In striking down RFRA, Justice Anthony Kennedy noted: “The proposed amendment [RFRA] gave Congress too much power at the expense of the existing constitutional structure.”
Kennedy concluded that if Congress “could define its own powers,” then the Constitution would no longer be the country's superior law; it would in effect be on the same level as “ordinary legislative acts.”
Hamilton said the Boerne decision concluded that if RFRA was actually good law, it would “make the courts' interpretations of the Constitution superfluous.”
Judge Andrew Bogue of the 8th Circuit filed a dissenting opinion in In re Young, in which he concluded that “RFRA was both beyond the scope of the power of Congress and violative of the separation of powers doctrine.
“In essence Congress, through RFRA, attempts to impose upon the judiciary a standard of review for interpreting constitutional rights which it believes is a better standard than that crafted by the Court itself,” Bogue wrote.
Moreover, Bogue maintained that RFRA is a religious law that has nothing to with enforcing bankruptcy law.
“Before one can say that Congress may permissibly change the Bankruptcy Code to accommodate the provisions of RFRA, … one must assume the constitutionality of RFRA in the first instance,” Bogue said. “But if RFRA does not pass constitutional muster, as I conclude, then Congress is powerless to change the Bankruptcy Code through its power under the Necessary and Proper Clause.
“That is, although Congress has the 'power to make all laws which shall be necessary and proper to make laws which shall be necessary and proper for carrying into execution its bankruptcy power,' it does not have the power to execute its bankruptcy power with a law which is not necessary and proper for that purpose,” Bogue wrote.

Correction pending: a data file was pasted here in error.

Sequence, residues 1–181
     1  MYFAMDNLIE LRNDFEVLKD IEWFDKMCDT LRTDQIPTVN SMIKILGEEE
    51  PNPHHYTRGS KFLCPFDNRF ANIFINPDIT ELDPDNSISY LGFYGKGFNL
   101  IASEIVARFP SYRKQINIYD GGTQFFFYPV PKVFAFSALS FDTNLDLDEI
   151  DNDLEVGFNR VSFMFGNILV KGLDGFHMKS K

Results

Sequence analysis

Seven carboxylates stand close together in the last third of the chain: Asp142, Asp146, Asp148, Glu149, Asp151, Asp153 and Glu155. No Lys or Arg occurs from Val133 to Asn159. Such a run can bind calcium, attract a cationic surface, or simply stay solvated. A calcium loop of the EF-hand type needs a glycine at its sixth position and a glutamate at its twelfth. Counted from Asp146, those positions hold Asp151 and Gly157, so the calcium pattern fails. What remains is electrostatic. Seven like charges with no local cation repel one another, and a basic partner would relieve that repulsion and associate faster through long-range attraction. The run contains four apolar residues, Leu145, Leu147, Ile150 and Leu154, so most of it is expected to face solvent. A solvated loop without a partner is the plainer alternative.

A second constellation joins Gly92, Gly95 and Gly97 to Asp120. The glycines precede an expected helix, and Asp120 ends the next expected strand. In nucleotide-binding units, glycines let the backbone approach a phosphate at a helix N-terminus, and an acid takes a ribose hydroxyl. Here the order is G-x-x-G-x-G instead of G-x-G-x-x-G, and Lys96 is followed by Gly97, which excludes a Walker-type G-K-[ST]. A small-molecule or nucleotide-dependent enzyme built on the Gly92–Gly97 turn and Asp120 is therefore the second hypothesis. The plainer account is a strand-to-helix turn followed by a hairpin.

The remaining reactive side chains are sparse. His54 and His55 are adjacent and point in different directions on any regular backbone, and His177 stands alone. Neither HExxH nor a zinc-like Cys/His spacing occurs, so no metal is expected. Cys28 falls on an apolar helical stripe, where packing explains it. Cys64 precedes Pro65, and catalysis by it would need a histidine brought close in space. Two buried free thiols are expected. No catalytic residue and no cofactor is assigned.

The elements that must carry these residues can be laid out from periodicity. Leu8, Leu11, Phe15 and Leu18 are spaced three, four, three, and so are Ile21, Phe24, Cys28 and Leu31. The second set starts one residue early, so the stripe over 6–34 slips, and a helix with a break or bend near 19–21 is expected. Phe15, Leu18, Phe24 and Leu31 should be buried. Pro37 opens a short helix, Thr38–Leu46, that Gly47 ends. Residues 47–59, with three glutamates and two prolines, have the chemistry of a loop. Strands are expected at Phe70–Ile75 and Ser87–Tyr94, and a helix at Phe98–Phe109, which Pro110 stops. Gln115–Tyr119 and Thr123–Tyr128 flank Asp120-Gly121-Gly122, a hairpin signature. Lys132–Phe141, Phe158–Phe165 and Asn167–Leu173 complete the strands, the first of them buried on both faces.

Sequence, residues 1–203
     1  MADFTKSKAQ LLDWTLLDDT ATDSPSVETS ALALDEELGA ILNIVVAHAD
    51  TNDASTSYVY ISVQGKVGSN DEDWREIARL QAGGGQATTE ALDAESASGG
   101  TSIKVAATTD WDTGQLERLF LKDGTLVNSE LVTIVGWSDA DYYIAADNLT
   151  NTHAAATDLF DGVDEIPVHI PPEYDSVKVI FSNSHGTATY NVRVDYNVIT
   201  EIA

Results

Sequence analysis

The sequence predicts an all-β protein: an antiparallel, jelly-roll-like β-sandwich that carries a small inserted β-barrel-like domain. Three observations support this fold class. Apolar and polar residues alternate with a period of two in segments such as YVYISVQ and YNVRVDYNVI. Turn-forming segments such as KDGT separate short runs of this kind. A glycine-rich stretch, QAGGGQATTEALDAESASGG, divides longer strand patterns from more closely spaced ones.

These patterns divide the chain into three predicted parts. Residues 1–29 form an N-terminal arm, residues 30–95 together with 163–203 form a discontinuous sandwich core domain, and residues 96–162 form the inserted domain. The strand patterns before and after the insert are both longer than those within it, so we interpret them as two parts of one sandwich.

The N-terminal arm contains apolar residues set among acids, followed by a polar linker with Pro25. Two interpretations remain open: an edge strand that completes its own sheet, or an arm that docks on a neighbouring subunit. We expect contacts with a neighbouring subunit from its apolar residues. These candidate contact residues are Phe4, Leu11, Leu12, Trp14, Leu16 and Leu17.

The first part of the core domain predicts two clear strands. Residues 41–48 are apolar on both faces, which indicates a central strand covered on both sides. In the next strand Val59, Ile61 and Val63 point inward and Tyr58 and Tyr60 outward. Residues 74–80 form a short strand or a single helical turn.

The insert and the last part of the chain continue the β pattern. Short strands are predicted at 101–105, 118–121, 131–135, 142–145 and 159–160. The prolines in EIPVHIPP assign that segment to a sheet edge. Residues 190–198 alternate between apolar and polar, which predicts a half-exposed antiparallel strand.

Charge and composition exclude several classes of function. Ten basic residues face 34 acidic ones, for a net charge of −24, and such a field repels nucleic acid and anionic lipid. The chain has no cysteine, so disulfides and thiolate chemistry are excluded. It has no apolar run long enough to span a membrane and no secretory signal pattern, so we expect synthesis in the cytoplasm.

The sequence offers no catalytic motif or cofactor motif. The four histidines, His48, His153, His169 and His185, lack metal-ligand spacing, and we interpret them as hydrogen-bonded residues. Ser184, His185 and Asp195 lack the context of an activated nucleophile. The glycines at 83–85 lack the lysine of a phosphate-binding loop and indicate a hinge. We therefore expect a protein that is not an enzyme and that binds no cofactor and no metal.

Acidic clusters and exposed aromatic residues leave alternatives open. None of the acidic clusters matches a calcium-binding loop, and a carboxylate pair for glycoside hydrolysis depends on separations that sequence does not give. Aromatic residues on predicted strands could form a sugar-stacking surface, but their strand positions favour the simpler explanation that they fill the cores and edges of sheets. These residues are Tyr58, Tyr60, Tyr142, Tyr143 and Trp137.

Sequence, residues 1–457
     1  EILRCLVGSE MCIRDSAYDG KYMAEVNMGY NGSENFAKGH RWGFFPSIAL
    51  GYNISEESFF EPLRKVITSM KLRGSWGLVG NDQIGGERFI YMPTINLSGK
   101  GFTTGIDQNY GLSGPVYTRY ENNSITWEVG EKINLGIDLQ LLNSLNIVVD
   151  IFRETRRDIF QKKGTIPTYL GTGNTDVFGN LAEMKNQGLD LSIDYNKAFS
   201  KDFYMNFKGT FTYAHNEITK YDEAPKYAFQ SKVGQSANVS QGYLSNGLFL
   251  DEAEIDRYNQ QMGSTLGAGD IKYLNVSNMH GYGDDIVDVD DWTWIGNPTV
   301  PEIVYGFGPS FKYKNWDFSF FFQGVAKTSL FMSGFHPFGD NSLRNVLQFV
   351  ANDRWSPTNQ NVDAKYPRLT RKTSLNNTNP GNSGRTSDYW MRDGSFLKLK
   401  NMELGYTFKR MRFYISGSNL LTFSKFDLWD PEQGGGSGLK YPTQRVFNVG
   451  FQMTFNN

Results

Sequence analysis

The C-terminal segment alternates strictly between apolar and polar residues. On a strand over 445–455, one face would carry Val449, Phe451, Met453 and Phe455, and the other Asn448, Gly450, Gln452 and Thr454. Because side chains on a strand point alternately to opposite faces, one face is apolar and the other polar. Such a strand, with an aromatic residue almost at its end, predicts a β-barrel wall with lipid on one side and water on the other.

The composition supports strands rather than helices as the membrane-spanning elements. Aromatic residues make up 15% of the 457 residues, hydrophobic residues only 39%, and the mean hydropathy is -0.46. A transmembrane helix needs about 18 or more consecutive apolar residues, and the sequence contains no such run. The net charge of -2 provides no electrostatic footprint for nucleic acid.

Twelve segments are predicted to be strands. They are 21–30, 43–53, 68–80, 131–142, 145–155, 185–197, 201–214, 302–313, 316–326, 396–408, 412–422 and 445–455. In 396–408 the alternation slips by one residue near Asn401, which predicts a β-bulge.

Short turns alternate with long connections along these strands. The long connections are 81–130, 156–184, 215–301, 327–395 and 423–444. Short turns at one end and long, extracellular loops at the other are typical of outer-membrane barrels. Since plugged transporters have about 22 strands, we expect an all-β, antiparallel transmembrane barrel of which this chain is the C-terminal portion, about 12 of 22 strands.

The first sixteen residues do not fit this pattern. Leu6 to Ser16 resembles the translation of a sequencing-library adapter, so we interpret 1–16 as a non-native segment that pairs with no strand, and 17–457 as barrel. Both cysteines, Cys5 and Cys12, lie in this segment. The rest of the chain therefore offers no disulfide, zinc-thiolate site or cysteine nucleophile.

The 8th Circuit court also concluded that RFRA does not subvert the First Amendment's principle of separation of church and state. Without much discussion, the 8th Circuit dismissed John Paul Stevens' concurring opinion in Boerne (on different grounds from the majority), in which he concluded that RFRA was a government endorsement of religion in violation of the First Amendment's establishment clause.
The 8th Circuit simply stated that “RFRA, although designed to protect religious rights, has a secular purpose,” and therefore could not be seen as a violation of separation of church and state.
Hamilton said she was surprised that the court “summarily dismissed” Stevens' opinion in Boerne.
“How can you read RFRA as having a secular purpose?” she asked. “The act was drafted and lobbied for by a coalition primarily made up of organized religions.”
The Coalition for the Free Exercise of Religion is a group of about 60 non-profits, most of them religiously affiliated, that created RFRA and has been instrumental in lobbying individual states to pass their own RFRAs.
Lupu also said that the question of whether RFRA subverts the establishment clause is a “harder and much more interesting question.”
Lupu said he found it odd that the appeals court, when analyzing the establishment clause, failed to mention the Supreme Court's 1989 decision in Texas Monthly, Inc. v. Bullock. In that case, the high court invalidated a state law that provided tax breaks to religious magazines. Texas lawmakers were told either to drop the tax exemption or expand the law to include secular magazines.
The attorney for the bankruptcy trustee in the Young case said the 8th circuit misconstrued Boerne and that an appeal to the Supreme Court was possible.
However, Hamilton and Lupu both said it was unlikely the Supreme Court would take up this question quickly.
Numerous district-court opinions have noted that RFRA is unconstitutional, Lupu said. He added that “this is not the last word on whether RFRA violates the establishment clause and the separation of powers doctrine — there will be another.”
Hamilton concluded that Supreme Court will probably wait and see if another circuit weighs in with a “more intellectually rigorous” opinion.